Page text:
Planned immigration changes in US favour high-earning English speakers

by Ray Clancy on August 5, 2017

The United States administration has unveiled a new immigration plan based on programmes currently in place in Australia and Canada which has already been criticised as favouring professional people who can speak English well.

A new Bill, called the Raise Act, sets out an immigration policy focussing on skilled professionals which would cut the overall number of people moving to the US by 50% over the next 10 years.

(Kamira/Bigstock.com)

President Donald Trump introduced the plan at the White House and said it is partly based on the Australian and Canadian immigration models. He did not hide the fact that it aims to attract professional English speaking people with the ability to earn a high wage.

‘The competitive application process will favour applicants who can speak English, financially support themselves and their families, and demonstrate skills that will contribute to our economy,’ Trump told reporters.

It aims to be tougher than the current system and crackdown on immigrants being able to claim benefits. ‘The Raise Act prevents new migrants and new immigrants from collecting welfare, and protects US workers from being displaced,’ Trump added.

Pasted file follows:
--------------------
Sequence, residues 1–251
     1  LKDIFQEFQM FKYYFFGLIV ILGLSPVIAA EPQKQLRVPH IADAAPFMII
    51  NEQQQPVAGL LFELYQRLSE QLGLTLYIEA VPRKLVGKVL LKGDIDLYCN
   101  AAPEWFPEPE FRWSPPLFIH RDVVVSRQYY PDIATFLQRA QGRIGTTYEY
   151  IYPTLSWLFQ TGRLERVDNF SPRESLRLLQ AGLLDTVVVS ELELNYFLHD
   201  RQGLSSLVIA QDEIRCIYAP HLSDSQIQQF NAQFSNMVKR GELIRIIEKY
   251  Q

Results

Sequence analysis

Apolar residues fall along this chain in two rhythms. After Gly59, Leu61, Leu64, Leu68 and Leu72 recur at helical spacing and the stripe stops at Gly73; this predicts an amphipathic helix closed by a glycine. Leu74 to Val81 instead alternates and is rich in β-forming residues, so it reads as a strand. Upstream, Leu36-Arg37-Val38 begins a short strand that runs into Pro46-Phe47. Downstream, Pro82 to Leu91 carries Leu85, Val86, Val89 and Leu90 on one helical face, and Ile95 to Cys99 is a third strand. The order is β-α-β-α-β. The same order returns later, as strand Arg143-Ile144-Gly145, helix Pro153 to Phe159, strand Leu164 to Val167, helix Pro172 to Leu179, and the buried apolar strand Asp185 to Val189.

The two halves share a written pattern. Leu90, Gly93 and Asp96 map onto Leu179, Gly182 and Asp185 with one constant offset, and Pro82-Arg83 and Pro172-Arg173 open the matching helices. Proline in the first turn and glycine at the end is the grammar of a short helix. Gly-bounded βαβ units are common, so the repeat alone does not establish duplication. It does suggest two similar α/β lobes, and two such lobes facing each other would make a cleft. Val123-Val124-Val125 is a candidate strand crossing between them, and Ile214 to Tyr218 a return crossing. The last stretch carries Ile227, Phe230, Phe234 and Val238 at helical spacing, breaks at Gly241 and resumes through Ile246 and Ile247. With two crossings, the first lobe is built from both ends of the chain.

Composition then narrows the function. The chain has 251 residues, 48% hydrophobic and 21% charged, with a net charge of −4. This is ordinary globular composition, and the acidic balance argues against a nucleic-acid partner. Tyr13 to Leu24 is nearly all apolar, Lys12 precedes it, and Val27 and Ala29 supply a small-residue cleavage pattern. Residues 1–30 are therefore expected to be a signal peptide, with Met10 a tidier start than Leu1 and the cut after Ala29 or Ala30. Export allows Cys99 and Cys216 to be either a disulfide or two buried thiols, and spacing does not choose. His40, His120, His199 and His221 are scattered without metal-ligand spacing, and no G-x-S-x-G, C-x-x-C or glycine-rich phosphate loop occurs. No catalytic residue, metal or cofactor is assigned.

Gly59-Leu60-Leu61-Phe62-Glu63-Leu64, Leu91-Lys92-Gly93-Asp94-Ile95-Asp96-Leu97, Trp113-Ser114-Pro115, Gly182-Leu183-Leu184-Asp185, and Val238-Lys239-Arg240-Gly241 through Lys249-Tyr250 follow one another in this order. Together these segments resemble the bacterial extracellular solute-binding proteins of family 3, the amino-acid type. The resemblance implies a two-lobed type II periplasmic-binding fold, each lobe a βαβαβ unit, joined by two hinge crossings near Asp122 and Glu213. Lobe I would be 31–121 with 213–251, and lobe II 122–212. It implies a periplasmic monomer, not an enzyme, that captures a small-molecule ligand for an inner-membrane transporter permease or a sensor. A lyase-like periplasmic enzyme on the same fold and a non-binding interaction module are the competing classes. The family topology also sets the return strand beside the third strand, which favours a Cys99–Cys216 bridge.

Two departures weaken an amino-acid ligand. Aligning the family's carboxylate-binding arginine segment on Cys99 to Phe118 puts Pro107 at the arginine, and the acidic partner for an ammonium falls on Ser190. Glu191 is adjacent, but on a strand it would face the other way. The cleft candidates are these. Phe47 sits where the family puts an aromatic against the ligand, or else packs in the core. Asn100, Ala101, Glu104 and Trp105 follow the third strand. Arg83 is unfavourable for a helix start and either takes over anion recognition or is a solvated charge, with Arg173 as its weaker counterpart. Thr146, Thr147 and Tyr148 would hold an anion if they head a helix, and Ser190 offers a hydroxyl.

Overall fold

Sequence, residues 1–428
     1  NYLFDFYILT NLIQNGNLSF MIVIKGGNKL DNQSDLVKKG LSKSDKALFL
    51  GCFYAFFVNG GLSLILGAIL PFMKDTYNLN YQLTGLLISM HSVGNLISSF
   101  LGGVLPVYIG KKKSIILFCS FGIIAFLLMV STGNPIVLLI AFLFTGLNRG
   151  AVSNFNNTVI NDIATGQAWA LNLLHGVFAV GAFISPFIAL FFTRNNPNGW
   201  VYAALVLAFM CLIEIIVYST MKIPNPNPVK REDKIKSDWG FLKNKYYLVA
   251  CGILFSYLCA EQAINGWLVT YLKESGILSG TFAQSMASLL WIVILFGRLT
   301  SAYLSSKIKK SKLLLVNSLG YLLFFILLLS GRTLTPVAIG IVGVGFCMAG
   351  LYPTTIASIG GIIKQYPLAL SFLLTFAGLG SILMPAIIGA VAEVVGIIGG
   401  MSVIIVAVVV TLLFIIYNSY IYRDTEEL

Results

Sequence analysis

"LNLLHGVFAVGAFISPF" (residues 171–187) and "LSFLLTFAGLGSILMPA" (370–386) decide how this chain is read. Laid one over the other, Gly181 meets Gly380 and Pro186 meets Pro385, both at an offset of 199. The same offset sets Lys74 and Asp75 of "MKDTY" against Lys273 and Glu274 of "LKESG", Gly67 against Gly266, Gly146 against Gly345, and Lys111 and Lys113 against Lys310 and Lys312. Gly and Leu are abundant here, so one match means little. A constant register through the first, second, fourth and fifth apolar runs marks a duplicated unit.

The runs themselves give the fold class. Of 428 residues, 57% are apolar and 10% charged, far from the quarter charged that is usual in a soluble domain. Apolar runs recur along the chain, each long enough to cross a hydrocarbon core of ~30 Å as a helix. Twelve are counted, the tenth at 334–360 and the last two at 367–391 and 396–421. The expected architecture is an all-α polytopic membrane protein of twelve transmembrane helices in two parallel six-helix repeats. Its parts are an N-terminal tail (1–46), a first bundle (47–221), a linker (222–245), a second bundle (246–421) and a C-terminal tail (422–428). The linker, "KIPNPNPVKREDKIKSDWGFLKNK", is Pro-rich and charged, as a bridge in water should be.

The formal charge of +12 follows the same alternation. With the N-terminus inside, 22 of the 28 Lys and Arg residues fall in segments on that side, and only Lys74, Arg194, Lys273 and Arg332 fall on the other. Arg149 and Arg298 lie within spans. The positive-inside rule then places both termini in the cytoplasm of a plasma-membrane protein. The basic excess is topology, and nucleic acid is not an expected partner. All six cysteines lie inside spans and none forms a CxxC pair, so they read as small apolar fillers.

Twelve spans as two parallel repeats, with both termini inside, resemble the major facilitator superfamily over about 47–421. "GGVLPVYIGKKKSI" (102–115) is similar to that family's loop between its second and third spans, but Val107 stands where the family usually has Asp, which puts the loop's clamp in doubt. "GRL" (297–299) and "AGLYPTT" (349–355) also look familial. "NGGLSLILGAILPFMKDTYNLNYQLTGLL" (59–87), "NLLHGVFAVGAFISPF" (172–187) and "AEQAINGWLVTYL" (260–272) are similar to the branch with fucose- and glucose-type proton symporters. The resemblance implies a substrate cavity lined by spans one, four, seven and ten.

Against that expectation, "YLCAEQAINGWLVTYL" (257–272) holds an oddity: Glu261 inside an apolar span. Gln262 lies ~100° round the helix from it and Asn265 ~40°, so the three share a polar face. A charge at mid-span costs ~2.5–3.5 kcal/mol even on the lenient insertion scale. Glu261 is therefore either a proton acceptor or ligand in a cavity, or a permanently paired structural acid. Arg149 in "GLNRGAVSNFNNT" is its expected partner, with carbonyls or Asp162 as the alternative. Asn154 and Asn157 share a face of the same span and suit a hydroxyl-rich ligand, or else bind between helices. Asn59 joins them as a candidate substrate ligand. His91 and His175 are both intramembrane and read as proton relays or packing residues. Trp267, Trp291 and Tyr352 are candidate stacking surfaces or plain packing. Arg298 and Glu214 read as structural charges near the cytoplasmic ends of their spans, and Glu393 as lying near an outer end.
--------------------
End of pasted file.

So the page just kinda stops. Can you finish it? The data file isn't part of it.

Officials explained that parts of both the Australian and Canadian visa systems which they think work well have been incorporated in the new legislation. They were impressed by the way that the Australian system makes sure that immigrants are self-sufficient and able to pay for their own health care.

The points based system in Canada was used as a basis for the new US policy while some new aspects have been added in terms of making the new visa application system in American highly competitive.

The draft bill appears to reflect Trump’s promises during his election campaign to be tougher on immigration. Currently more than a million people from abroad are granted green cards to live permanently in the US and officials said that the new rules would cut that figure in half.

They added that such a tough stance will stop low paid, unskilled foreign workers depressing the wages of Americans and save taxpayers billions of dollars in immigrant welfare claims.

‘This legislation will not only restore our competitive edge in the 21st century but it will restore the sacred bonds of trust between America and its citizens,’ Trump added.

However, immigration experts have already criticised the proposals. According to Alex Nowrasteh, an immigration policy analyst at the libertarian Cato Institute, the bill would cut overall immigration levels and not increase employment based green cards.

‘The immigration systems in Canada and Australia do emphasise skilled immigrants over family members, but their immigration systems allow in far more immigrants, as a percentage of the population in both countries, than the United States,’ he said.

Republican Senator for South Carolina, Lindsey Graham, said that while he supports a merit-based immigration system to attract the best and brightest, the cuts to numbers could hurt agriculture and tourism states like South Carolina that rely on immigrant labour.

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